2. Students in a Northern Virginia public high school experience solidarity
Some years ago, under our grant from HHS, EGI was blessed to implement Project Heart to Heart at Westfield High School in Chantilly Virginia. We had projects elsewhere in Northern Virginia and in Maryland, but due to one person, the late Mike Greiner we had this unusual opportunity to experience a genuine presence at Westfield for two years. Mike, a popular English teacher and debate coach at Westfield, gained the approval of the school’s administration to conduct two seasons of a film study as an after school social event. In the second season we had gained sufficient credibility to get permission to offer the class in the regular school day; we showed No Way Out, Sidney Poiter’s very first film, during Black History Month!!!
What were the lessons gained from this experience of teaching classic film with high school students at Westfield? For a big part of the answer we can take a look at this great quote from G K Chesterton: “We are all in the same boat in a stormy sea, and we owe each other a terrible loyalty.” This quote reminds us that we are social beings and not autonomous selves – we gain fulfillment with others in family, community and society. But what can happen when the sense of community is not as strong? What happens if we are all locked into tribal identity and lose sight of our common humanity? Viewing and discussing classic movies in a social setting is one of the best ways to focus on what unites us and not how we are different from one another. As we found in many cases, the choice for the right film for the right educational setting is crucial. We were fortunate to have terrific films that grabbed the attention of the students and helped them to probe for deeper understanding of our shared human condition. The films that worked so well at Westfield in our project were Johnny Belinda from Warner Bros. in 1948 and No Way Out from 20th Century Fox in 1950.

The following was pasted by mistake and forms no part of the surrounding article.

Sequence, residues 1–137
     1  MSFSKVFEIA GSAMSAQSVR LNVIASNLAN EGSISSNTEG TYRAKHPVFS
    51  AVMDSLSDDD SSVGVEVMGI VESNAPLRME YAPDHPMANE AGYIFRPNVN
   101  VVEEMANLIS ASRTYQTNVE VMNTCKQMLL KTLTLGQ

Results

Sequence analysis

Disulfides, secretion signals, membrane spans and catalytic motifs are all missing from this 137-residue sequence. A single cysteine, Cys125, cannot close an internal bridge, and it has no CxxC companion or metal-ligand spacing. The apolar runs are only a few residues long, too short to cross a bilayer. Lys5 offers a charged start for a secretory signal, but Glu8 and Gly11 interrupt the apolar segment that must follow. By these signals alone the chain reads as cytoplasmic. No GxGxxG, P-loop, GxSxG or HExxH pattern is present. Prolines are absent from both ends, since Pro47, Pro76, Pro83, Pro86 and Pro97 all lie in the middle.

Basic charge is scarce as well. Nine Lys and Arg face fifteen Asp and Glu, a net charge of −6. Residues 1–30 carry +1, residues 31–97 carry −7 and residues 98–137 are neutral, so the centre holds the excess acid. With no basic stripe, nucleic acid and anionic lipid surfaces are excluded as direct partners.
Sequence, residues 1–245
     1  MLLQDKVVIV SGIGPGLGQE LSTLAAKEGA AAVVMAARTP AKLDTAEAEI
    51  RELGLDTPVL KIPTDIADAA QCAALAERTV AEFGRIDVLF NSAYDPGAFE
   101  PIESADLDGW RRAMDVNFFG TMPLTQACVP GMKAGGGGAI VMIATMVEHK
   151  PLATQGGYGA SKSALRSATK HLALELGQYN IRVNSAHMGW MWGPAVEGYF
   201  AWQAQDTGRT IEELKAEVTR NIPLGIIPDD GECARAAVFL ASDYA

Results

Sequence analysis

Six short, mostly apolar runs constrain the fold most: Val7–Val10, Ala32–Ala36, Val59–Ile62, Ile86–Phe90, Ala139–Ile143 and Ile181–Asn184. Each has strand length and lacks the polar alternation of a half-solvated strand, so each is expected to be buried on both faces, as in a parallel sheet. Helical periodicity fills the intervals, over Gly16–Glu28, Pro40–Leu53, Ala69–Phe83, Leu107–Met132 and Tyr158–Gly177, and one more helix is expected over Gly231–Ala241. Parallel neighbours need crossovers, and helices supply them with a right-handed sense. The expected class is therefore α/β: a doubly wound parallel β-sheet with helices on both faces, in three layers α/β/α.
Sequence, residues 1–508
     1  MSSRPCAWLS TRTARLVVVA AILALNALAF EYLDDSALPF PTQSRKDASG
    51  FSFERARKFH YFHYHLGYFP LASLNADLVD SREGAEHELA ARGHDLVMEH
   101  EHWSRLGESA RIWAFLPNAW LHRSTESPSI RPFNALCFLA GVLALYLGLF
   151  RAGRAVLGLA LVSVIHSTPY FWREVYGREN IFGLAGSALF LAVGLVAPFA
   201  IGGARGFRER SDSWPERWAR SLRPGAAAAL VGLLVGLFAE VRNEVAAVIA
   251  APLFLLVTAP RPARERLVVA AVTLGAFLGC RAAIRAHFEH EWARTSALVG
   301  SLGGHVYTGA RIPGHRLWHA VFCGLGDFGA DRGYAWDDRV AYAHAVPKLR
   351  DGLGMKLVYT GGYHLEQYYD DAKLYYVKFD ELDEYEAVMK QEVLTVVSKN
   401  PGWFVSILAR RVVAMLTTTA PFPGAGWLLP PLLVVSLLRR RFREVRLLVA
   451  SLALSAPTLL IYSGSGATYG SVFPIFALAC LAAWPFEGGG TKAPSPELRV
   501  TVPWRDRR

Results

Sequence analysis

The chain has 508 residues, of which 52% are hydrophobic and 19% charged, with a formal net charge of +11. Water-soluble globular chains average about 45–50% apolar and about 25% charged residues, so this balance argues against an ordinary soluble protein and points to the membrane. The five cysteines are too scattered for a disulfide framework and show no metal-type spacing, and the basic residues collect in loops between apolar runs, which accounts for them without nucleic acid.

In Johnny Belinda, Jane Wyman plays Belinda MacDonald, a deaf-mute young woman who is marginalized by the harsh tribalism of residents in a Canadian fishing village. The importance of the story’s setting is well known in the classic study of literature and drama. It is the setting that establishes the mood for the audience. A lonely Canadian fishing village was the perfect setting for our first film study event at Westfield. One young woman offered an insight into a major difference between the classic films she and her fellow students were discovering and the contemporary films they were used to. She said that in classic film storytelling, “we just walk alongside of the characters.” She commented on how enjoyable it was to just “discover life” in a natural way with the characters in the story.